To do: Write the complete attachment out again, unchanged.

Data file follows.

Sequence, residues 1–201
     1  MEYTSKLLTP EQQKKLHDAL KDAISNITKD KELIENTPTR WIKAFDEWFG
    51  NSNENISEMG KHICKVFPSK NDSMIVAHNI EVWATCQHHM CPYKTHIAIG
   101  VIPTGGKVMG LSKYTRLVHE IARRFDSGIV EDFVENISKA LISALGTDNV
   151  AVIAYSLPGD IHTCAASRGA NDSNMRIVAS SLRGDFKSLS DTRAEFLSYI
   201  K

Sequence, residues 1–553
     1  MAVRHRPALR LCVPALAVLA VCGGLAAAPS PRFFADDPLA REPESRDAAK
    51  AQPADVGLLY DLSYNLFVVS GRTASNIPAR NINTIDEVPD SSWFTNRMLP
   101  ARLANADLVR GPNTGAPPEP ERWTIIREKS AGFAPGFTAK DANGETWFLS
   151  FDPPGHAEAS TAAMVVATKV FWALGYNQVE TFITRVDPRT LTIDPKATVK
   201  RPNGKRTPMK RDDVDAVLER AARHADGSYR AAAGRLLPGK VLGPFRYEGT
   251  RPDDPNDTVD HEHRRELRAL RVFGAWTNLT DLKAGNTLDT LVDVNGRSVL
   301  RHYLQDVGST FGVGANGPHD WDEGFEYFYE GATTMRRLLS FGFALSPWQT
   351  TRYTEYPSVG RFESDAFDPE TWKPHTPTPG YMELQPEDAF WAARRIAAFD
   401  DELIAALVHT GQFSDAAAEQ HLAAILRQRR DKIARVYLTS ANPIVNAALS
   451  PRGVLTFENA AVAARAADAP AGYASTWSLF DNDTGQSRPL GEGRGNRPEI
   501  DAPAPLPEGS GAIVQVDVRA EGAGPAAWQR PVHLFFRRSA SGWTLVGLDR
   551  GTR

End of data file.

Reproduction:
Sequence, residues 1–201
     1  MEYTSKLLTP EQQKKLHDAL KDAISNITKD KELIENTPTR WIKAFDEWFG
    51  NSNENISEMG KHICKVFPSK NDSMIVAHNI EVWATCQHHM CPYKTHIAIG
   101  VIPTGGKVMG LSKYTRLVHE IARRFDSGIV EDFVENISKA LISALGTDNV
   151  AVIAYSLPGD IHTCAASRGA NDSNMRIVAS SLRGDFKSLS DTRAEFLSYI
   201  K

Sequence, residues 1–553
     1  MAVRHRPALR LCVPALAVLA VCGGLAAAPS PRFFADDPLA REPESRDAAK
    51  AQPADVGLLY DLSYNLFVVS GRTASNIPAR NINTIDEVPD SSWFTNRMLP
   101  ARLANADLVR GPNTGAPPEP ERWTIIREKS AGFAPGFTAK DANGETWFLS
   151  FDPPGHAEAS TAAMVVATKV FWALGYNQVE TFITRVDPRT LTIDPKATVK
   201  RPNGKRTPMK RDDVDAVLER AARHADGSYR AAAGRLLPGK VLGPFRYEGT
   251  RPDDPNDTVD HEHRRELRAL RVFGAWTNLT DLKAGNTLDT LVDVNGRSVL
   301  RHYLQDVGST FGVGANGPHD WDEGFEYFYE GATTMRRLLS FGFALSPWQT
   351  TRYTEYPSVG RFESDAFDPE TWKPHTPTPG YMELQPEDAF WAARRIAAFD
   401  DELIAALVHT GQFSDAAAEQ HLAAILRQRR DKIARVYLTS ANPIVNAALS
   451  PRGVLTFENA AVAARAADAP AGYASTWSLF DNDTGQSRPL GEGRGNRPEI
   501  DAPAPLPEGS GAIVQVDVRA EGAGPAAWQR PVHLFFRRSA SGWTLVGLDR
   551  GTR